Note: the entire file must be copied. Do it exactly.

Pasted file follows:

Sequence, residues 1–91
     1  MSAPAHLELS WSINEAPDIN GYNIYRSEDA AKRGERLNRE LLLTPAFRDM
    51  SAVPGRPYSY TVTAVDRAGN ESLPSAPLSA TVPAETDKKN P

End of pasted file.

Sequence, residues 1–91
     1  MSAPAHLELS WSINEAPDIN GYNIYRSEDA AKRGERLNRE LLLTPAFRDM
    51  SAVPGRPYSY TVTAVDRAGN ESLPSAPLSA TVPAETDKKN P